Time: 2pm-3pm, Friday, Oct 8, 2010
Place: Room 4102, CUNY Graduate Center, 365 Fifth Ave (34str&35str).
Speaker: Martin Jansche (Google)
Title: Automatic Transliteration of Proper Names: Practice and Experience


If you've ever seen street artists who offer to write your name in
Chinese characters, you have encountered the problem of proper name
transliteration.  It is a pervasive problem that arises in many
multi-lingual applications.  I will describe recent practice and
experience with proper name transliteration in the context of a deep
internationalization of Google Maps.  In order to produce a world map
in e.g. Japanese, millions of named entities had to be transliterated
from a variety of source languages into Japanese.  I will discuss in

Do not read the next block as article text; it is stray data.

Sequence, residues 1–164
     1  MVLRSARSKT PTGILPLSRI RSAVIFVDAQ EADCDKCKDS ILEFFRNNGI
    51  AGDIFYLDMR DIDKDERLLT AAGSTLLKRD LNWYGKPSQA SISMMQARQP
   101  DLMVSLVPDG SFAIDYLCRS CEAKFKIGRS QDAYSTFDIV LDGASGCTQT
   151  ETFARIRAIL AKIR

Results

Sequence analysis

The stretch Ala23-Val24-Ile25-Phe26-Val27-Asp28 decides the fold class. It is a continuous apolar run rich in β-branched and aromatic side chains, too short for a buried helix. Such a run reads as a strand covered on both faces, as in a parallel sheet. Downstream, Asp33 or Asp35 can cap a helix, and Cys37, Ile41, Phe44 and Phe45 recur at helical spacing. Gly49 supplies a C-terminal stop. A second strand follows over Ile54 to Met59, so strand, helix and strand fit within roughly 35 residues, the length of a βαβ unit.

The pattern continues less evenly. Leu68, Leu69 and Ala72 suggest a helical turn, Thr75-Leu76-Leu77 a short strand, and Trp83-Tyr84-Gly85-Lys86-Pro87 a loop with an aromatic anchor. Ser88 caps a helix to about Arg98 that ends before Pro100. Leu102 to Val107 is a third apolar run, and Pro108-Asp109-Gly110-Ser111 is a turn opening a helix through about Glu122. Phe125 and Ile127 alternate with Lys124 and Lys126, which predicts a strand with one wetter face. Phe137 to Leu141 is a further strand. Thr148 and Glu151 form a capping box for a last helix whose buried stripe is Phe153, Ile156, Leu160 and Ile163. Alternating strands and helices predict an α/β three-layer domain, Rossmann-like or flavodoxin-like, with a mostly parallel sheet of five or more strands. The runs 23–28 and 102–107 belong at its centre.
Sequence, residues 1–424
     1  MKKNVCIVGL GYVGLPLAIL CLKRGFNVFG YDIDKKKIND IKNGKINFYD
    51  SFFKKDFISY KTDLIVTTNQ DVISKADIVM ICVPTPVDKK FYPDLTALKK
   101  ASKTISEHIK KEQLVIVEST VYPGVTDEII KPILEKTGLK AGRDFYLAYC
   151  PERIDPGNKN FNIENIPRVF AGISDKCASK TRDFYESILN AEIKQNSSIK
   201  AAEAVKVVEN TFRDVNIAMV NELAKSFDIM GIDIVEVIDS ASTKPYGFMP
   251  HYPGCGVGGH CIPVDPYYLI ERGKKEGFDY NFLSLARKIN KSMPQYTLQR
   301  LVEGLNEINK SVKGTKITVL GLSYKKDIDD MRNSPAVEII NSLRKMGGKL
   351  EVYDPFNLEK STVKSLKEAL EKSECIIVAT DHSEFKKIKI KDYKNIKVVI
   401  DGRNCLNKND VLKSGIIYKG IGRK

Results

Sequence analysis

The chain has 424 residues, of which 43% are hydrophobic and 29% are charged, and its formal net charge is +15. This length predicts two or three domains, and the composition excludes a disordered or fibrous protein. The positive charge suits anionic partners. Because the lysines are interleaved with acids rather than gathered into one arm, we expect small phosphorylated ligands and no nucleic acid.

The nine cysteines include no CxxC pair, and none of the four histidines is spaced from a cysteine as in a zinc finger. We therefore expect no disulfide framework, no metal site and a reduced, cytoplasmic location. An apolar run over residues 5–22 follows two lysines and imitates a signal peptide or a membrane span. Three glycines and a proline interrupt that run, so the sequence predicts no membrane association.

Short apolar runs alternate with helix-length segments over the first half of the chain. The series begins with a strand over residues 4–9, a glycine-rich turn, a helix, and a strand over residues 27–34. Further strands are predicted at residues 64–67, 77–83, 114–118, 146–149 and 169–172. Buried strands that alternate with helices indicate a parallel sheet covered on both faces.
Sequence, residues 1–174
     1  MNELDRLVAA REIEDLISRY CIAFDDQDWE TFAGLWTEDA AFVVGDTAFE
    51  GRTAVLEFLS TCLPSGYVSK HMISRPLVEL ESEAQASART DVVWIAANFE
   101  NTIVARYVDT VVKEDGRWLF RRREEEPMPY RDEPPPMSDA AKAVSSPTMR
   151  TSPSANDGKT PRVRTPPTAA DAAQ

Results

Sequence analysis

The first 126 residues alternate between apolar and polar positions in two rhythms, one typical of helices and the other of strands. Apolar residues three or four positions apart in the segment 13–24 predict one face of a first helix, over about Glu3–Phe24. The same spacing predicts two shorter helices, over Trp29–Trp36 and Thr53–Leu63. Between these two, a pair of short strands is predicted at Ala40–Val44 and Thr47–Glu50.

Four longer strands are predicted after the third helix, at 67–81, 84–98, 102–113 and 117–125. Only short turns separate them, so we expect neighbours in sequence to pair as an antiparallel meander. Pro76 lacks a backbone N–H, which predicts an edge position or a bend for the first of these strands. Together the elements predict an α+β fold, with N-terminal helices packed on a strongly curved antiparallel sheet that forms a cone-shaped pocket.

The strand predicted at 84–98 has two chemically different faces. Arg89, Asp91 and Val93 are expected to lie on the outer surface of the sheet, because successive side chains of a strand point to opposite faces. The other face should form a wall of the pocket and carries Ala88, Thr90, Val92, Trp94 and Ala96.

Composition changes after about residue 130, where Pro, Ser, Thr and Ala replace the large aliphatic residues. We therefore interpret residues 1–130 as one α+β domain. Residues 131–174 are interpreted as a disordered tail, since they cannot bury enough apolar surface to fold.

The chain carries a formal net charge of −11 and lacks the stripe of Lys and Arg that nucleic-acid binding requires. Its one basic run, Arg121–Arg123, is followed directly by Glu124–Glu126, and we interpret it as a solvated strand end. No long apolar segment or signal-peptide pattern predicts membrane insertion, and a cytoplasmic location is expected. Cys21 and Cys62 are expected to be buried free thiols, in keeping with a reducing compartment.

detail the linguistic issues underlying transliteration into a variety
of languages and describe some of the techniques used, including
hand-crafted rules, automatically trained finite-state models, and
automatic extraction of transliterations from Wikipedia.  I will
highlight several lessons we learned while designing a large-scale
multi-lingual transliteration system.

Joint work with Sascha Brawer, Richard Sproat, Hiroshi Takenaka, and
Yui Terashima.

Speaker Bio: 

Martin Jansche's research interests are in empirical methods in 
automatic natural language and speech processing.  He received his PhD 
in 2003 from the Ohio State University and joined the Center for 
Computational Learning Systems at Columbia University.  In 2007, 
he joined Google, Inc. in New York as part of the speech research
group, working on web search and speech applications.